OTTAWA - The Liberal government is insisting that Hamas must surrender to Israel, after the armed militant group praised Canada for being one of the countries calling for a ceasefire in the Gaza Strip.

“Hamas cannot have any role in the future governance of Gaza or in the two-state solution,” Prime Minister Justin Trudeau said Thursday at a news conference in Toronto.

He was referring to the eventual creation of a Palestinian state living in peace alongside Israel.

On Monday, Hamas released a video message on the platform Telegram, where one of its top officials, Ghazi Hamad, spoke about a joint statement that Trudeau and the prime ministers of Australia and New Zealand released last week on the Middle East.

That Dec. 12 statement came shortly before Canada voted in favour of a non-binding resolution at the United Nations that called for “an immediate humanitarian ceasefire” between Israel and Hamas - a major shift from Canada's long-standing policy at the international body.

In the English-language video, Hamad mentioned the statement from Canada, Australia and New Zealand after noting “growing calls by several Western governments to end the aggression on Gaza.” He said Hamas welcomed these moves “in the right direction” toward isolating Israel.

He left out the fact that the statement also condemned the Oct. 7 attacks against Israel by Hamas, which killed some 1,200 people, including hundreds of civilians, and 240 were taken hostage. His video message also did not mention the three prime ministers made demands of Hamas in any ceasefire.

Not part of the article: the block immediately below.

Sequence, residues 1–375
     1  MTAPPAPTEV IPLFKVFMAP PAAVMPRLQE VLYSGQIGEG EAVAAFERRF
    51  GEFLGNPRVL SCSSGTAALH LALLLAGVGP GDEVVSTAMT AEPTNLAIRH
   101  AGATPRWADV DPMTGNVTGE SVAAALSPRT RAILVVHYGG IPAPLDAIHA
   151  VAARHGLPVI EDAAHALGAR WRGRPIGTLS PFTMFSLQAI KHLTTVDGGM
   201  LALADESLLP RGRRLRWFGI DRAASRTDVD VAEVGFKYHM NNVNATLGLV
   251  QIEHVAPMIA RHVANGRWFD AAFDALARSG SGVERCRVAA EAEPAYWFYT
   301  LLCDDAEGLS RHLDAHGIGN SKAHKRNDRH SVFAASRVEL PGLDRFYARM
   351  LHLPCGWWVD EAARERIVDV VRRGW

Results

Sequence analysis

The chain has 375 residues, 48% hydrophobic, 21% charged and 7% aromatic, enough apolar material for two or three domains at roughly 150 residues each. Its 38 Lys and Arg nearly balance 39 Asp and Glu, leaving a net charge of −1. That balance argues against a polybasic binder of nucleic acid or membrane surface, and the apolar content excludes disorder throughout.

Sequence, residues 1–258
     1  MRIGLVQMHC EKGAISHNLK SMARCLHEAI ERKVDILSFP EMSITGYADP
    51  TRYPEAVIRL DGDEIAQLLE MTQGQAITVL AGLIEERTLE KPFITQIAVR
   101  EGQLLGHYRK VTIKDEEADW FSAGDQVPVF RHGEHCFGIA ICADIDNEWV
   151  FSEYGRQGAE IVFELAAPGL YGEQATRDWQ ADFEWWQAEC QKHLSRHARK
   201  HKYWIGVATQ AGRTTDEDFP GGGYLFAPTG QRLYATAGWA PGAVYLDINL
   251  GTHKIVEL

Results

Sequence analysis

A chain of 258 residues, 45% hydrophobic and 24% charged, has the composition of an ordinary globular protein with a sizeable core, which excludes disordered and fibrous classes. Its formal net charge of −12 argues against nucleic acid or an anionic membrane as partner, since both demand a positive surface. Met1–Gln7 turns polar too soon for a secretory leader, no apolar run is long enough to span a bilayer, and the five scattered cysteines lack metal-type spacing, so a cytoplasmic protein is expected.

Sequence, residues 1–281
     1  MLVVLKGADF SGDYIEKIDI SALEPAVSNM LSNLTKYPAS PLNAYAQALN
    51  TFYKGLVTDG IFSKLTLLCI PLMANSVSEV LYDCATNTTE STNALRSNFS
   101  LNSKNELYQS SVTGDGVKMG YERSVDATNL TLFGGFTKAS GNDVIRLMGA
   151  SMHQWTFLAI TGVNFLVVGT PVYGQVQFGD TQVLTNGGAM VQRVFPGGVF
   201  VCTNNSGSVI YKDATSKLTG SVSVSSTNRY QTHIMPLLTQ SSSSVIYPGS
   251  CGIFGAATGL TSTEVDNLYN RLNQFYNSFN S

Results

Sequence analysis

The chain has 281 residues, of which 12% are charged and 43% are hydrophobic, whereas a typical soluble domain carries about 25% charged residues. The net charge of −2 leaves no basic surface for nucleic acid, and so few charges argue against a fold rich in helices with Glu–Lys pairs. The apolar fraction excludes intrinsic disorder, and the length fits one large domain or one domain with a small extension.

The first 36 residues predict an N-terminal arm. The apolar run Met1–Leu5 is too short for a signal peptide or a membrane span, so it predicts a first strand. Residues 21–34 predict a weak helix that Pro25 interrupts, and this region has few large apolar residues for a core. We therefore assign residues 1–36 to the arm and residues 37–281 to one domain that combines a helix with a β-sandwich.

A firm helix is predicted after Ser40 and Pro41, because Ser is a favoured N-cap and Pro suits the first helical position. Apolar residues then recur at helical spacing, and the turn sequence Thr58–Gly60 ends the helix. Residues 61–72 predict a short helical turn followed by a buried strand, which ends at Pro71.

“This cannot be one-sided. Hamas must release all hostages, stop using Palestinian civilians as human shields, and lay down its arms,” the Dec. 12 statement said. “There is no role for Hamas in the future governance of Gaza.”

The statement from Canada, Australia and New Zealand had also recognized that Israel has a right to exist and to defend itself, while respecting international humanitarian law. “The price of defeating Hamas cannot be the continuous suffering of all Palestinian civilians,” it said.

About 20,000 Palestinians have been killed since Israel launched its bombardment of Gaza in response to the Oct. 7 attacks, local authorities say, with while nearly 85 per cent of the 2.3 million people in the territory having been driven from their homes.

On Wednesday, the Centre for Israel and Jewish Affairs shared an excerpt of the video from Hamas on the platform X, formerly known as Twitter, calling it the result of a “failure to hold Hamas accountable.”

The organization, which had said last week it was “disgusted” by Canada's vote at the UN, added: “The Canadian-listed terrorist entity's praise for Canada is a reflection of the government's new position on the Israel-Hamas war.”

Within hours, Foreign Affairs Minister Melanie Joly released a statement on X, noting that the three-country statement had condemned Hamas's brazen attack on Israel.

“Our statement was clear: for a ceasefire to be sustainable, Hamas must release all hostages, stop using Palestinian civilians as human shields, and lay down its arms,” Joly wrote.

“They do not represent the legitimate aspirations of the Palestinian people.”

On Thursday, Trudeau did not elaborate on how he thinks there could be a situation created where Palestinians govern themselves without Hamas, which has controlled Gaza since 2007.

Trudeau instead reiterated Canada's condemnation of the group.

“Hamas was responsible for the cold-blooded execution of over 1,000 Israeli citizens on Oct. 7, and has committed to continuing those attacks long into the future,” Trudeau said.

“We need to build with a secure and free Israel alongside a secure and free Palestinian state,” he said. “That is the work we need to do and we are absolutely committed to it. And that's why we're calling for humanitarian pauses as quickly as possible and working urgently towards a ceasefire with international partners.”

Trudeau said talks with fellow countries in the G7, as well as those in the Middle East, are aimed at such an outcome.

This report by The Canadian Press was first published Dec. 21, 2023.